Combined Surface Display and Reformatting for the Three-Dimensional Analysis of Tomographic Data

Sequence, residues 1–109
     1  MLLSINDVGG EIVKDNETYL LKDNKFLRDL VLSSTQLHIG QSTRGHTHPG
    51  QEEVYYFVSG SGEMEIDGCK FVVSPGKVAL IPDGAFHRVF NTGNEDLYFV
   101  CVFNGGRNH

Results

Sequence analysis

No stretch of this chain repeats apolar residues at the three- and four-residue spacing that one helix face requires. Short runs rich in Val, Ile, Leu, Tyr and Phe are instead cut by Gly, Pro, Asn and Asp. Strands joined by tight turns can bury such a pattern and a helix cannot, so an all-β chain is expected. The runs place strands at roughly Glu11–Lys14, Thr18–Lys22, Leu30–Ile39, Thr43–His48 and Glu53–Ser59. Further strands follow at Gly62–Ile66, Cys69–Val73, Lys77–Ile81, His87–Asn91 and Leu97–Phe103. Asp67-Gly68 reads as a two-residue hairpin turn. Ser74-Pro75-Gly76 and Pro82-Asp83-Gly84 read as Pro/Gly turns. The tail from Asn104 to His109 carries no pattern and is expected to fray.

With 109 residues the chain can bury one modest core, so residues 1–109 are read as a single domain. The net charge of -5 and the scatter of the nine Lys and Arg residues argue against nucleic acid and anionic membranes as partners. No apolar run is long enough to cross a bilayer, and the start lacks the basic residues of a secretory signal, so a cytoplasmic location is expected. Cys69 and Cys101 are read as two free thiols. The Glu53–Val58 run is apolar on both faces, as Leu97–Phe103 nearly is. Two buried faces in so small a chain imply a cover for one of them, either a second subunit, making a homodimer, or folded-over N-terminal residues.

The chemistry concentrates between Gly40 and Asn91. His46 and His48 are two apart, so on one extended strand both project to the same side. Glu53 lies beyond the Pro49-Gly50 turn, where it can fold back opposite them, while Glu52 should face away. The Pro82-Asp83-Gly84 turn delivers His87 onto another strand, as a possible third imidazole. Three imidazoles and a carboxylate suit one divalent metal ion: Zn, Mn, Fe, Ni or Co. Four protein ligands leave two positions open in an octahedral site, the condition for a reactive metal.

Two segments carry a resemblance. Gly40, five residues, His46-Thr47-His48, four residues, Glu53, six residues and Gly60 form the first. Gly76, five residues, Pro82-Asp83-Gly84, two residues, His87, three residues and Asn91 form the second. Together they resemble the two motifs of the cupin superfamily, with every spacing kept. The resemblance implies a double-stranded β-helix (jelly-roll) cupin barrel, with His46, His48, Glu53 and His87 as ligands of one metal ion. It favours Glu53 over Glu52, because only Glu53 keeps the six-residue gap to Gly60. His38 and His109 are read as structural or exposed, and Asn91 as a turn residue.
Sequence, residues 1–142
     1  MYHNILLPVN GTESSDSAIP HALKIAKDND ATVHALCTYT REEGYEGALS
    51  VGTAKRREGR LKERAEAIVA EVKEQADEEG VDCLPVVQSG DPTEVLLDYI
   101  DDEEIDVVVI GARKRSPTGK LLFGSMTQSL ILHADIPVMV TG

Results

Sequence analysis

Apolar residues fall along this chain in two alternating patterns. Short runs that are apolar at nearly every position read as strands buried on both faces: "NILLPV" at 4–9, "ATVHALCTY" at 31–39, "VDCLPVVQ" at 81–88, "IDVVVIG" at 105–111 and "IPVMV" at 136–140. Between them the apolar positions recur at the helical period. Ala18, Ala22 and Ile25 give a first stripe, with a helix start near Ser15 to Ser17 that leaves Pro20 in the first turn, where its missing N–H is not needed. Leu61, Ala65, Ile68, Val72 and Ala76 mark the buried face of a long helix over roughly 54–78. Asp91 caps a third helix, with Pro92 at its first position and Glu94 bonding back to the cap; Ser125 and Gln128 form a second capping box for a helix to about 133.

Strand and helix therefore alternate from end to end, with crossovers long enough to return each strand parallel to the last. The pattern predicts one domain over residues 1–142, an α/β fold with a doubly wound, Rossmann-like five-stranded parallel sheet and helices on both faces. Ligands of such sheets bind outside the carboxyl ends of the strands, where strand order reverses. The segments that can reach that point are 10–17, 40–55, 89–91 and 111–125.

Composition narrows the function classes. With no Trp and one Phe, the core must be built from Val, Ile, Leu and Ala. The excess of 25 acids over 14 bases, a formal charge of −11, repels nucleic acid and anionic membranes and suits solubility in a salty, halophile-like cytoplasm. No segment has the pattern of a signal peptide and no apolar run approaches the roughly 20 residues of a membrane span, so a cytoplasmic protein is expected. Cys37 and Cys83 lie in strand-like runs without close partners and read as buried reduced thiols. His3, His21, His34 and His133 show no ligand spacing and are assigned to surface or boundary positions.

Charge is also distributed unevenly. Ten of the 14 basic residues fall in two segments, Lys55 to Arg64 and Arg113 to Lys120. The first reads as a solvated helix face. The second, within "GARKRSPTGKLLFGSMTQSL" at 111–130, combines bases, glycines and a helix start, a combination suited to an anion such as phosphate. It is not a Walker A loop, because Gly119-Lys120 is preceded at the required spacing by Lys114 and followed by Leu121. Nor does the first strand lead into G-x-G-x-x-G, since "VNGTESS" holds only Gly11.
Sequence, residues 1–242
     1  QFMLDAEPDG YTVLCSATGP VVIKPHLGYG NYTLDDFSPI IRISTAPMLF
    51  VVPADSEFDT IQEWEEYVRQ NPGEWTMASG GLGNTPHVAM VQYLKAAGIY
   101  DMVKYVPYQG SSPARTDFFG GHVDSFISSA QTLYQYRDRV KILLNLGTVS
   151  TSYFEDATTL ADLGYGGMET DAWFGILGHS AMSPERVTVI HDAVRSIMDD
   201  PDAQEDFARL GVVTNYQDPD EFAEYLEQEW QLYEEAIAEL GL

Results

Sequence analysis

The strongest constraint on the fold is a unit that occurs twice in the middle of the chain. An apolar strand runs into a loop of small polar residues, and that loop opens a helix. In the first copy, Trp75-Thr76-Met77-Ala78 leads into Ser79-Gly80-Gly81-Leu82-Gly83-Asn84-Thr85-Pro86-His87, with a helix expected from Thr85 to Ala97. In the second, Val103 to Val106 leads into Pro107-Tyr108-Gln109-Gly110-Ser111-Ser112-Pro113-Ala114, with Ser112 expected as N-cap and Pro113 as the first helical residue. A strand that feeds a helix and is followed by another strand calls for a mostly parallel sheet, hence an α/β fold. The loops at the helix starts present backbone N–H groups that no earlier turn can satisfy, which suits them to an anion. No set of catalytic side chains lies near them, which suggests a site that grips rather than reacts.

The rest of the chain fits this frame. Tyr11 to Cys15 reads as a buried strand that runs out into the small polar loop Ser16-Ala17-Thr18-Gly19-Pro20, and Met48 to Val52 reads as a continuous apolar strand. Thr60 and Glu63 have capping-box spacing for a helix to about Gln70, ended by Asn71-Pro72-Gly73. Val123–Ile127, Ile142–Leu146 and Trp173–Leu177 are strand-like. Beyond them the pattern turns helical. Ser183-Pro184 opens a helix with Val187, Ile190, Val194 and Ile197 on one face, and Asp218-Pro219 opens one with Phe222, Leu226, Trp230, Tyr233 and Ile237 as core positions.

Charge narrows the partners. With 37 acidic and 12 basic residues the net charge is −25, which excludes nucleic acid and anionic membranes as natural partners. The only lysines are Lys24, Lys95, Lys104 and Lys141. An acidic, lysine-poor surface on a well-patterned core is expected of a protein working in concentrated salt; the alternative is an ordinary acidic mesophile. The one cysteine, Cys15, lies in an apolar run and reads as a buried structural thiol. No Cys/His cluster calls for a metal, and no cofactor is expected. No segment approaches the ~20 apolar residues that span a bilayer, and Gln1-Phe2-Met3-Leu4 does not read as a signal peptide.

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Radiologic examinations increasingly are based on sequences of cross-sectional images. In current clinical applications, the three-dimensional (3D) relationships contained in these examinations must be inferred by the observer through analysis of multiple two-dimensional (2D) images. In this article, methods for the direct display of 3D gray-level data are investigated. In the chosen approach, the 3D presentation of bone and skin surface serves to orient the viewer, while planar reformation and/or transparent projections can be applied for the assessment of soft-tissue structures in regions of interest. The resulting images represent the original image data in a way that is more suitable for observation of 3D relationships than the conventional cross-sectional viewing mode. This may facilitate the diagnostic process and enhance the interpretability of the images. Routine clinical application of this technique requires special computer hardware. Research applications, however, can be performed within tolerable times (10-30 sec/view) with computers found in radiologic research environments.

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